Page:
Did you know that essential oils can enhance a romantic mood? Because people are strongly impacted physically and emotionally by scents, the aromas of some essential oils are great aphrodisiacs. But essential oils can help with more than providing a lovely scent.
Essential Oils for Romance
Much of the following information is from the Modern Essentials Personal Usage Guide section. Keep in mind, however, that if an essential oil is unappealing to you or your spouse, don’t use it. Needless to say, it will distract from rather than enhance your romantic experience.
An aphrodisiac is a substance used to stimulate feelings of love or sexual desire. Many books on aromatherapy tout the aphrodisiac qualities of a number of oils. Perhaps an aphrodisiac to one individual may not be to another. The most important factor is to find an oil that brings balance to the mind and body. A balanced individual is more likely to extend love.
Some oils that are known to be aphrodisiacs include sandalwood, ylang ylang, rose, jasmine, Blend for Women, cinnamon, ginger, and clary sage.
Another oil that may be worth trying because it is a warming oil and may help improve circulation is black pepper. A single drop can help enhance a massage blend. Make sure to always dilute this oil though.
Female frigidity is a female’s lack of sexual drive or her inability to enjoy sexual activities. This disorder has many possible physical and psychological causes, including stress, fatigue, guilt, fear, worry, alcoholism, or drug abuse.
Some oils that may help with frigidity include clary sage, ylang ylang, Blend for Women, and rose.
Impotence in men, also known as erectile dysfunction, is the frequent inability to have or sustain an erection. This may be caused by circulation problems, nerve problems, low levels of testosterone, medications, or psychological stresses.
Some oils that may help with impotence include clary sage, clove, rose, ginger, and sandalwood.
Libido is a term used by Sigmund Freud to describe human sexual desire. Causes for a lack of sexual desire can be both physical and psychological. Some possible causes include anemia, alcoholism, drug abuse, stress, anxiety, past sexual abuse, and relationship problems.
Some oils that may help with libido include ylang ylang and Joyful Blend.
Men: Some oils that may help with low libido in men are cinnamon, ginger, and myrrh.
Women: Some oils that may help with low libido in women are clary sage and geranium.
Ways to Use Essential Oils to Enhance Romance
Massage Oil: Combine 3–5 drops of your desired essential oil(s) with 1–2 Tbsp. fractionated coconut oil or sweet almond oil to use as a massage oil.
Diffuser: Add 3–5 drops of your desired essential oil(s) to a diffuser, and diffuse into the air.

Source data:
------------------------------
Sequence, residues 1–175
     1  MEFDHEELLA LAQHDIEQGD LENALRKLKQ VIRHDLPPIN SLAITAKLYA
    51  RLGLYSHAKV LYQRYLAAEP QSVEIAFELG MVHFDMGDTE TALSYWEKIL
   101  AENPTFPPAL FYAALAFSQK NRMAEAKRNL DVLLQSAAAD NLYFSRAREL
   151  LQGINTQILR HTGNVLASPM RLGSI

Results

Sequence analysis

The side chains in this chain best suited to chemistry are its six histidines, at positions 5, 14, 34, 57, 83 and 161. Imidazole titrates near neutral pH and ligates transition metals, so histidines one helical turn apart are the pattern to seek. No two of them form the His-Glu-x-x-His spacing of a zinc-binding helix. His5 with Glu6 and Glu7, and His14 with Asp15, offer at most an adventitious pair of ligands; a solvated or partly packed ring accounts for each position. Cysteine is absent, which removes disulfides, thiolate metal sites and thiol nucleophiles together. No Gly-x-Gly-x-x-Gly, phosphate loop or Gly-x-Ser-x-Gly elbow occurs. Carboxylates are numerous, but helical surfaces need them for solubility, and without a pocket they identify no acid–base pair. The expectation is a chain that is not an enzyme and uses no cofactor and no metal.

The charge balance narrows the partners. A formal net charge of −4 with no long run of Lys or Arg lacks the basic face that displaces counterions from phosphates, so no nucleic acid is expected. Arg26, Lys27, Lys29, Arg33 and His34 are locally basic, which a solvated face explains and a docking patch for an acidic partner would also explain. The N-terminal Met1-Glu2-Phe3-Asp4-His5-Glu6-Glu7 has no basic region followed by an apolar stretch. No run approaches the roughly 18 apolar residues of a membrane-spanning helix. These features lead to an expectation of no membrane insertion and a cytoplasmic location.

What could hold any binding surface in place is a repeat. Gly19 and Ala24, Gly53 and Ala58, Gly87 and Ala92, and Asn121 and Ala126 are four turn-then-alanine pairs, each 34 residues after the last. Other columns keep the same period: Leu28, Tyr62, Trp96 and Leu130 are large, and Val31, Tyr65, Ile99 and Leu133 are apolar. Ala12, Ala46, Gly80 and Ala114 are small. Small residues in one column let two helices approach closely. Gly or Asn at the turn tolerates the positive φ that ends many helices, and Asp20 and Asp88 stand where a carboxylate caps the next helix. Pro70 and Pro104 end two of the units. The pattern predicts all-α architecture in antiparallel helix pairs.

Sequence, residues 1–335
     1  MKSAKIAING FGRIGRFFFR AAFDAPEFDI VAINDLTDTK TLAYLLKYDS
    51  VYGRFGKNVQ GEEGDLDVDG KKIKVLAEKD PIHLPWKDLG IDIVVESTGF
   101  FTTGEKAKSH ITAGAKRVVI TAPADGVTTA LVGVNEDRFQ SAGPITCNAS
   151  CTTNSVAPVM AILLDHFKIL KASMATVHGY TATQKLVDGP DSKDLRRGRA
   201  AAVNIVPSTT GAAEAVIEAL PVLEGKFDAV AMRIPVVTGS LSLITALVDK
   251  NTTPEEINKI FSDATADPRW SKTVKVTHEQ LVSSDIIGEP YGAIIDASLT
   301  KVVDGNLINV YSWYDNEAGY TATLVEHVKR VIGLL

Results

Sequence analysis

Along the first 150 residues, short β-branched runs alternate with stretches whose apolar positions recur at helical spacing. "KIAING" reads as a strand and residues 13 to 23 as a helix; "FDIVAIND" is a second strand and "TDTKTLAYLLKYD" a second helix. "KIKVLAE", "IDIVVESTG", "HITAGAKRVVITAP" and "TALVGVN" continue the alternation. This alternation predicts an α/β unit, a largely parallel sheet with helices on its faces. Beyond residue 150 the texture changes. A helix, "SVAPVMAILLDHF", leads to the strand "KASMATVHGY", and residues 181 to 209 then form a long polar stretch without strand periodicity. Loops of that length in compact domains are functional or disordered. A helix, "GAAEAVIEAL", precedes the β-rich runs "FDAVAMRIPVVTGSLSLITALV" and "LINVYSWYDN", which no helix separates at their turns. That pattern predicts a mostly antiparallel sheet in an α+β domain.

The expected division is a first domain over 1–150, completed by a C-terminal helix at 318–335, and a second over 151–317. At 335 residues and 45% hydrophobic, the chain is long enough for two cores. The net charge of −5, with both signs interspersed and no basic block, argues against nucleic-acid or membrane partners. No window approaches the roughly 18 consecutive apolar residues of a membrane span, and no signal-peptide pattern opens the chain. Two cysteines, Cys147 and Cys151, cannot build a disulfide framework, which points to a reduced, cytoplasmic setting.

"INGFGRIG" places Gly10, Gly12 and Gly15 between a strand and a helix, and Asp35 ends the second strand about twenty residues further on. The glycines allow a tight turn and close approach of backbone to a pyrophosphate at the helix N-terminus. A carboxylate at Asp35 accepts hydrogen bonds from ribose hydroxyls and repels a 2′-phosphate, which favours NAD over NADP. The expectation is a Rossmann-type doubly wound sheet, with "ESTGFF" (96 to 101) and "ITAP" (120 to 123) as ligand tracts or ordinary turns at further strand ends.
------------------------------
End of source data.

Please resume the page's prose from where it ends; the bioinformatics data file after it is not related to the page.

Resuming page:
Perfume or Cologne: Simply dilute a drop of essential oil with a little bit of carrier oil, and apply to temples, neck, or wrists to wear as a perfume or cologne. Roll-on bottles are an easy way to apply your perfume or cologne.
Bath: Combine 1–2 drops of essential oil with 1/4 cup Epsom salts, and add to warm bathwater when filling the tub. You can also use this recipe for a bubble bath and just substitute the lavender oil for a romantic scent.
Breath Freshener: A great way to freshen your breath is to place a drop of peppermint essential oil on your tongue or dip a toothpick in cinnamon essential oil and suck on it for a minute.
Personal Lubricant: To create a personal lubricant, combine 3–5 drops of essential oil with 1–2 Tbsp. coconut oil. Some essential oils that may be great for this are lavender, black pepper, peppermint, clary sage, or ylang ylang. A black pepper and peppermint essential oil combo provides a warming/cooling effect that can be exciting. A blend you can try is 3 drops ylang ylang, 1 drop black pepper, and 1 drop peppermint essential oil.
Romantic Linen Spray
- Mix liquid glycerin and essential oils in a small spray bottle. Fill the remainder of the bottle with distilled water, screw lid on, and shake to combine.
- To use, simply spray in the air, on clothes, or on pillows or bed linens.
Source: Modern Essentials: A Contemporary Guide to the Therapeutic Use of Essential Oils, 7th Edition, pp. 264, 360–361
The information above is an abridgment from the Modern Essentials “Personal Usage Guide” section by AromaTools™. This information has been designed to help educate the reader in regard to the subject matter covered. This information is provided with the understanding that the publisher, the authors, and AromaTools™, LLC, are not liable for the misconception or misuse of the information provided. It is not provided in order to diagnose, prescribe, or treat any disease, illness, or injured condition of the body. The authors, publisher, and AromaTools™, LLC, shall have neither liability nor responsibility to any person or entity with respect to any loss, damage, or injury caused or alleged to be caused directly or indirectly by this information. The information presented is in no way intended as a substitute for medical counseling. Anyone suffering from any disease, illness, or injury should consult a qualified health care professional.